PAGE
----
Anne Applebaum, journalist, writer, Pulitzer prize winner for her book Gulag: A History and the author of the new book Iron Curtain: The Crushing of Eastern Europe 1944–56, member of the Moscow School Advisory Council and one of the School’s oldest experts.
Anne is telling the story of one of the leaders of the Jobbik (Jobbik Magyarországért Mozgalom – Movement for a Better Hungary, far-right political party). Like many other Eurosceptic partices, Jobbik objects to the multinational European project, and to criticisms of any sort from Brussles. When once popular anti-Roma rhetoric began to wear thin, Jobbik turned their minds to Jews, or to be accurate, against them.
Szegedi joined the Party when it was founded, in 2003 and became its active member in all the anti-semitic fascist-style campaigns when suddenly discovered he was jewish himself.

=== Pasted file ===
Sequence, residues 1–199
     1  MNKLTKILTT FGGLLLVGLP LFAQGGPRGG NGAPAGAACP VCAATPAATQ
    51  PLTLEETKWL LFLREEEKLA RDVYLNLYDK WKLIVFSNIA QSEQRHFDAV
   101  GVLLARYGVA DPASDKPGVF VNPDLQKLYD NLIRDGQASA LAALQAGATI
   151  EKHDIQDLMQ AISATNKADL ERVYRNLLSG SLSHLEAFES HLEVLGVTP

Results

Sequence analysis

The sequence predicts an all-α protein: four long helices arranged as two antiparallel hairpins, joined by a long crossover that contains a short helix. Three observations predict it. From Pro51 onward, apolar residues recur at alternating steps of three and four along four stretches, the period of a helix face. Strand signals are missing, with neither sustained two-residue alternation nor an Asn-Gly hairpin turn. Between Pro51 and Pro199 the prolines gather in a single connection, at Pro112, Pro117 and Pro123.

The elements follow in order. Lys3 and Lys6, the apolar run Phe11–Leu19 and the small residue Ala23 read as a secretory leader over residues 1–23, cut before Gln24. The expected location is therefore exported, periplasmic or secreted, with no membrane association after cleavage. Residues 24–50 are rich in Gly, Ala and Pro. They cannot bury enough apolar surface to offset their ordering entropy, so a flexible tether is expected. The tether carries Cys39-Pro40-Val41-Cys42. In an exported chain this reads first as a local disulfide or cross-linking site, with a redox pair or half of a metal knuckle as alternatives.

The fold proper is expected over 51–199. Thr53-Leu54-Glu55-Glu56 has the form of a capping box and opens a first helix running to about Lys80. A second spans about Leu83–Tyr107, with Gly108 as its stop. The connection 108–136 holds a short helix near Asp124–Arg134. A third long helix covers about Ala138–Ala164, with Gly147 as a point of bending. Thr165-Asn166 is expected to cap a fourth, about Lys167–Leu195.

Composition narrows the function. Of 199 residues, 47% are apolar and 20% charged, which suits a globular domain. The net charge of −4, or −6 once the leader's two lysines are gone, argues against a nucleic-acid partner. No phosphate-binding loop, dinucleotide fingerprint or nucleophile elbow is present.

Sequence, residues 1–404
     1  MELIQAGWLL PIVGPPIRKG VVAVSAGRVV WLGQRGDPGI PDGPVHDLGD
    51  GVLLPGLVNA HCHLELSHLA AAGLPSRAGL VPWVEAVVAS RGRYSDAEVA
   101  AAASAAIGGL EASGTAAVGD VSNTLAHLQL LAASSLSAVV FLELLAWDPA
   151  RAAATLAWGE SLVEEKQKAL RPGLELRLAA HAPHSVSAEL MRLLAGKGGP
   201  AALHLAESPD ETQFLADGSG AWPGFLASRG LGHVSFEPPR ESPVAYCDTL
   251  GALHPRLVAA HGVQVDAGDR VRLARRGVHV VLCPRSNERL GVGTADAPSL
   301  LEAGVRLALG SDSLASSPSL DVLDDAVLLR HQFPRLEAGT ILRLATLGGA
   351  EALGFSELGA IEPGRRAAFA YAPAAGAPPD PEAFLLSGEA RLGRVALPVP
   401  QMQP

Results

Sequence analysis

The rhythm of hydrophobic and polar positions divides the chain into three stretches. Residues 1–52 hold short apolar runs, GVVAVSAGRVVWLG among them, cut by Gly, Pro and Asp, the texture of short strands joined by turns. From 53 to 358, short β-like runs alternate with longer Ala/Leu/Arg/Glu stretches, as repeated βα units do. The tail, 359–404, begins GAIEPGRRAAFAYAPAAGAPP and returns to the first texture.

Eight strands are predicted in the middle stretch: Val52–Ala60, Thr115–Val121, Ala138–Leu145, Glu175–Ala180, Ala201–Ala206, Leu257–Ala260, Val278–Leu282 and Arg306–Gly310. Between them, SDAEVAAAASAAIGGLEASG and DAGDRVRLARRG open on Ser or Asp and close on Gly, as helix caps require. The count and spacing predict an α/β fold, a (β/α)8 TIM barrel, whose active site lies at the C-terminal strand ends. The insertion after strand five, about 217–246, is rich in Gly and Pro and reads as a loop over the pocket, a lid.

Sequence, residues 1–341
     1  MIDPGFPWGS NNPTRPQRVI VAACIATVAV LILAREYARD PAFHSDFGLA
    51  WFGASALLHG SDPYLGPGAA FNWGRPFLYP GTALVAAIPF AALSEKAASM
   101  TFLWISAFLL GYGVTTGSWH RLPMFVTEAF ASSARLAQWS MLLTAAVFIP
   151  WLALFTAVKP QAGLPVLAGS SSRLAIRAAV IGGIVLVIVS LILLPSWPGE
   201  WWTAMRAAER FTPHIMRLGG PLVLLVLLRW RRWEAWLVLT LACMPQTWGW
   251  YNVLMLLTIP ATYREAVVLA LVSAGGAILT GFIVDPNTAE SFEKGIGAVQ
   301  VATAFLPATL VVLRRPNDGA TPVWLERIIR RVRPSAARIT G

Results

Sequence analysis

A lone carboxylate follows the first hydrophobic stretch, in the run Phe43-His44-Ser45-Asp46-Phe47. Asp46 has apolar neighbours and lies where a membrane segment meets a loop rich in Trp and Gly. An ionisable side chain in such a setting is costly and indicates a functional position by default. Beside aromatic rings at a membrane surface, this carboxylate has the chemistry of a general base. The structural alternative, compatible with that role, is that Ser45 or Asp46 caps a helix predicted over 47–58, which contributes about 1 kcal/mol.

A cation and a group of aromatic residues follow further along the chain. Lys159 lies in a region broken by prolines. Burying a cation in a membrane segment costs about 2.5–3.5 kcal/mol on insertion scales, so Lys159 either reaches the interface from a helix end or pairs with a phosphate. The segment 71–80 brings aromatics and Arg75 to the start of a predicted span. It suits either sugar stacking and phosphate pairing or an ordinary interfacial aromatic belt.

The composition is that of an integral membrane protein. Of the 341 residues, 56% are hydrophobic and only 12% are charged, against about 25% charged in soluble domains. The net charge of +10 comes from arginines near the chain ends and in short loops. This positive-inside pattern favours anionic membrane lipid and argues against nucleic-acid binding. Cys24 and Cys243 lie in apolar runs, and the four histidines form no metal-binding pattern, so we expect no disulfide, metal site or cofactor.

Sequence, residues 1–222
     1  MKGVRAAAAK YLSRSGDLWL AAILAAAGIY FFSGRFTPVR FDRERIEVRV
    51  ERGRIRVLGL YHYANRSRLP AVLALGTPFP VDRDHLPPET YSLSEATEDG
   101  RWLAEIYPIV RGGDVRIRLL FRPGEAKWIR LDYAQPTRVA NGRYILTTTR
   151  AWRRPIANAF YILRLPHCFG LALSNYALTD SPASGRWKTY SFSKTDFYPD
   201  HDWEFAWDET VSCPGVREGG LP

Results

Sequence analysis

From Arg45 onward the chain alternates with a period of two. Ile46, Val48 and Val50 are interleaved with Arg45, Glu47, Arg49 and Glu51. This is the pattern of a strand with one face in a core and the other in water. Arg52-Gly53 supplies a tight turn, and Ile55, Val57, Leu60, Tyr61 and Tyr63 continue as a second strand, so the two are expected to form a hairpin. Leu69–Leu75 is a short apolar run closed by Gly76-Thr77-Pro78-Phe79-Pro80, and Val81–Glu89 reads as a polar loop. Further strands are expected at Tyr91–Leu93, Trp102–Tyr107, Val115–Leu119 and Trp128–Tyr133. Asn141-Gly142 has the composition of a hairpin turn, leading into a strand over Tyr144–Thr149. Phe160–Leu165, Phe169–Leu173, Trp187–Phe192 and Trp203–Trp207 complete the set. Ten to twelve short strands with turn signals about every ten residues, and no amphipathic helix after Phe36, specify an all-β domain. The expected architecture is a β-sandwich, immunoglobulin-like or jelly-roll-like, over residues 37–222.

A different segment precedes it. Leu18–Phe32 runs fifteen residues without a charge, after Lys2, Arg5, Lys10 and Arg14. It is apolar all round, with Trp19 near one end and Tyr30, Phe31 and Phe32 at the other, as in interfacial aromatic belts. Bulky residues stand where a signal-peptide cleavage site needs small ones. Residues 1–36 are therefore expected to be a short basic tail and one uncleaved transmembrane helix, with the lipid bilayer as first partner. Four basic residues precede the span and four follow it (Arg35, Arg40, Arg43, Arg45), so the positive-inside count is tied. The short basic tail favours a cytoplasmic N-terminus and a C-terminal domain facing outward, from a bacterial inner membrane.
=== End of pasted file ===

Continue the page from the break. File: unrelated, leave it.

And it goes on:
Anne meets Szegedi soon after his resignment from Jobbik in a company of a rabbi and looking for a different way to live.
Szegedi somehow managed not to know a thing about the Jews and their tragedies. When he studied at School in the post-Communist nineties, the teaching of history was in turmoil. He thought of Holocaust as another Communist exaggeration. On the othr hand a newly resurgent brand of xenophobic nationalism was giving “a strong feeling of belonging somewhere”.
Ironically, the only verifiable, fully documented part of Szegedi’s story is his conversion to Orthodox Judaism.
Szegedi is still proud of the campaign to put Old Hungarian runes on the street signes and to help Hungarians living outside the country’s borders. But he now knows that he got some things very very wrong.
“When you are in politics, you cannot see yourself clearly from the outside. You tend to repress the feelings and also the facts that prove you are wrong”, says Szegedi.
Read the whole story at New Yorker